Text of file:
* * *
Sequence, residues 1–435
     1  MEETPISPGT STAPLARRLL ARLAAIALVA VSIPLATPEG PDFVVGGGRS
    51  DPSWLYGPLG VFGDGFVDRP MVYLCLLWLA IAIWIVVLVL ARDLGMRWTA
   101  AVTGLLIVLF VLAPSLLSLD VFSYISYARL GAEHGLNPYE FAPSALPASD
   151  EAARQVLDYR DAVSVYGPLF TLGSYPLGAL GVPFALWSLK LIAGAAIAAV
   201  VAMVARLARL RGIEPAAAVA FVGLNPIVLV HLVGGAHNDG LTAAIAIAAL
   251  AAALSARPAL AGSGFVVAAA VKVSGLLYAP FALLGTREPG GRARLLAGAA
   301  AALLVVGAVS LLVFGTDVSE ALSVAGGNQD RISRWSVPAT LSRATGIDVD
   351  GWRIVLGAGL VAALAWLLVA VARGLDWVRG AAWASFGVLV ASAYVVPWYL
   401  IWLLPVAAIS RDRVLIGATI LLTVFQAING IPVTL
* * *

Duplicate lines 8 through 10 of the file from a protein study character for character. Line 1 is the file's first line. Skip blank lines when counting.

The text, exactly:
   301  AALLVVGAVS LLVFGTDVSE ALSVAGGNQD RISRWSVPAT LSRATGIDVD
   351  GWRIVLGAGL VAALAWLLVA VARGLDWVRG AAWASFGVLV ASAYVVPWYL
   401  IWLLPVAAIS RDRVLIGATI LLTVFQAING IPVTL